For (fer) studio, the Kim residence in La Cañada Flintridge, Calif. was more than a renovation.
It was a transformation.
Snugged into a hillside in Los Angeles County, the approach to the 1950s ranch-style home was down a steep slope and a winding drive. Its shingle roof was the dominant visual element.
“Normally you look at a house from the wall perspective, but here the roof has a much bigger presence,” says (fer) principal and partner Chris Mercier.
Now the shingles are gone, replaced by a green metal standing seam roof.
They also found a house that was visually and physically detached from its landscape and swimming pool to the rear. But by working with a feng shui specialist, Mercier and partner Doug Pierson united all those elements.
They achieved that with a pair of axes. One runs from a new water feature near the drive to a walkway of pavers leading up to the entrance, then inside through living areas and out to a new deck overlooking pool, firepit and sunset. Another axis runs lengthwise through the house, connecting master suite on one end to living areas and two bedrooms, bath and laundry room on the other end.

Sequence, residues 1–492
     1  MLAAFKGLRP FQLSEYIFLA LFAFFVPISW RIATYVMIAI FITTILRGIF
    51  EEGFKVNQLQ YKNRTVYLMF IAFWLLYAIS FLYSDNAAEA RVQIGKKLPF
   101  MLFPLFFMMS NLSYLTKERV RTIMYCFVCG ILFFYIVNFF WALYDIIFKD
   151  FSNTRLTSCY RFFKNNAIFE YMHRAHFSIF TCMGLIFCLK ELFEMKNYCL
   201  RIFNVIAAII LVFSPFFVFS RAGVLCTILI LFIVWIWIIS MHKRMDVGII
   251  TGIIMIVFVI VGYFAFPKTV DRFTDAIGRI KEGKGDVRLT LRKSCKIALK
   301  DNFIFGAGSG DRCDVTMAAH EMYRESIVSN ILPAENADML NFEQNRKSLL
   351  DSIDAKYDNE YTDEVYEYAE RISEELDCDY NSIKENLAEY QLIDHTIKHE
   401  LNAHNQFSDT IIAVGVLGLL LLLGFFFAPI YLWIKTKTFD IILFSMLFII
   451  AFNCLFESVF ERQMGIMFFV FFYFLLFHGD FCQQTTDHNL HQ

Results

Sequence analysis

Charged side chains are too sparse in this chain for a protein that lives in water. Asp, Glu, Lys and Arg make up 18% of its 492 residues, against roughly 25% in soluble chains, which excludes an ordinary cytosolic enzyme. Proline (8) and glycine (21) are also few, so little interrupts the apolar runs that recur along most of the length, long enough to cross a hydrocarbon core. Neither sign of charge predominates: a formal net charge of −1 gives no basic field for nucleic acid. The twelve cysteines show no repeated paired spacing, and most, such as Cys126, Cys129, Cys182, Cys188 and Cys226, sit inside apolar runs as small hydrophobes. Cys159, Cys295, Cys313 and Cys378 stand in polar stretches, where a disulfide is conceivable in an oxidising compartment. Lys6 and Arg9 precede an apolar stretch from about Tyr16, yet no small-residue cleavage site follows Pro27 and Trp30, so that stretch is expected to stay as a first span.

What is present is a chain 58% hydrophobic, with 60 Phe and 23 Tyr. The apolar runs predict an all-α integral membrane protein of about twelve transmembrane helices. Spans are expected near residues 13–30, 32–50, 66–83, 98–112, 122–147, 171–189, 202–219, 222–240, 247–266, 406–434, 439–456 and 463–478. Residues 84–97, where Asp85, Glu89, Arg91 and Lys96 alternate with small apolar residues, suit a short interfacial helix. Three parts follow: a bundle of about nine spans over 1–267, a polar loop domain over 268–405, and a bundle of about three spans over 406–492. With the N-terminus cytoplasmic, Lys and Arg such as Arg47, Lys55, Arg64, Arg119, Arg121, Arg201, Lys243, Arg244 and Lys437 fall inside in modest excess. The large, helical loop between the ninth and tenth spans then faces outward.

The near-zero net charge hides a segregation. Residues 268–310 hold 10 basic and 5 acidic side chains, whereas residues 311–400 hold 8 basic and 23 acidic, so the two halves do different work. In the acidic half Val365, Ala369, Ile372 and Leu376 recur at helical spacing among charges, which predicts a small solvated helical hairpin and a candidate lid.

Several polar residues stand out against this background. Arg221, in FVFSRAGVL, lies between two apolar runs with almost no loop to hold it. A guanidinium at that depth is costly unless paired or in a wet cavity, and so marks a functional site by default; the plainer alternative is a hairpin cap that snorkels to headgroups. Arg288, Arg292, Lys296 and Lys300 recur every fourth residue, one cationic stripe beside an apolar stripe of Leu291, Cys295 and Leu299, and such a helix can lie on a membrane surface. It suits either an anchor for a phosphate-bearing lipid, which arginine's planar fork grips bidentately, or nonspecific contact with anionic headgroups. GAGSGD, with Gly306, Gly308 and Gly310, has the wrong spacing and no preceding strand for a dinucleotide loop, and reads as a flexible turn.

They expanded the footprint of the single-level home, from 2,300 square feet to 3,200, opening up to the landscape at the rear as they pushed the living areas out.
“The client’s idea at the beginning was to expand it, but we ran into some restraints because of the pool and septic system,” Pierson says. “So we did a small rear yard expansion for the kitchen/dining/living areas – we went out four feet off the back of the house.”
The home’s roof still dominates – but now, in new ways.
“Its fold-up on the front welcomes you as you arrive,” says Mercier. “The fold-up at the back gestures to the pool and the sunset.”
Its form may endure, but this is no longer a ranch detached from the land. Instead, it’s been transformed to respond to conditions on site.
And its roofline leads the way.